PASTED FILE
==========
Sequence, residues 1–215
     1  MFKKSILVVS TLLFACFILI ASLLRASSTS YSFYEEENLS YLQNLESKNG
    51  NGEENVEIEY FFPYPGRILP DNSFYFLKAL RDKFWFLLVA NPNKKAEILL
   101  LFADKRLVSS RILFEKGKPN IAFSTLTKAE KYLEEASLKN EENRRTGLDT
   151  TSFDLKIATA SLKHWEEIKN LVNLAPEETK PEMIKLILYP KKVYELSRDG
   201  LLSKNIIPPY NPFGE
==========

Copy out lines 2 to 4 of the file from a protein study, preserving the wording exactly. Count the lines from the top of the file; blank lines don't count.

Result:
     1  MFKKSILVVS TLLFACFILI ASLLRASSTS YSFYEEENLS YLQNLESKNG
    51  NGEENVEIEY FFPYPGRILP DNSFYFLKAL RDKFWFLLVA NPNKKAEILL
   101  LFADKRLVSS RILFEKGKPN IAFSTLTKAE KYLEEASLKN EENRRTGLDT